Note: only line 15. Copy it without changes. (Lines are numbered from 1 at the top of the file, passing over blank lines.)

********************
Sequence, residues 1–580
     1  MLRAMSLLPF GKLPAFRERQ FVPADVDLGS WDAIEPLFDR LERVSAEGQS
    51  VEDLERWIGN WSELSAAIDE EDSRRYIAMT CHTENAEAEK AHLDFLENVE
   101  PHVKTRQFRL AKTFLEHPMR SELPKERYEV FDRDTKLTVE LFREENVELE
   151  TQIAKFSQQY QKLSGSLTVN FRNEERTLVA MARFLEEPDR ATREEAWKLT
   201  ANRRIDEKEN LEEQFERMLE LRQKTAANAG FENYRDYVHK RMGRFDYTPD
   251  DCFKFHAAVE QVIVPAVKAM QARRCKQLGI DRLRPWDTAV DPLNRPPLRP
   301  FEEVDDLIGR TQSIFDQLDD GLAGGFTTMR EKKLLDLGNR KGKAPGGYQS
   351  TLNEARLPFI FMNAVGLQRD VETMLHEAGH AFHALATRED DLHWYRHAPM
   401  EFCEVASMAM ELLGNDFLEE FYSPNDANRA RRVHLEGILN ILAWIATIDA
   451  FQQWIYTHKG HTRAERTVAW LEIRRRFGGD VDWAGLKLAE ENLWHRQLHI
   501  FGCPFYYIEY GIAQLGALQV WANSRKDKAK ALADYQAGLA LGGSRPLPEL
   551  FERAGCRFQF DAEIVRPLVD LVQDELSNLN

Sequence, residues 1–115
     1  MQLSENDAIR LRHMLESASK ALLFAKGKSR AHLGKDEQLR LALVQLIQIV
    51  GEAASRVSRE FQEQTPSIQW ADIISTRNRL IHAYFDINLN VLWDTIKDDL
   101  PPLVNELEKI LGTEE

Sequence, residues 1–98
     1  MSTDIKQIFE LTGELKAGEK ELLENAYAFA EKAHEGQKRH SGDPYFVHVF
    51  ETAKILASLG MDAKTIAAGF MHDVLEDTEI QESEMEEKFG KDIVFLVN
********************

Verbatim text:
     1  MQLSENDAIR LRHMLESASK ALLFAKGKSR AHLGKDEQLR LALVQLIQIV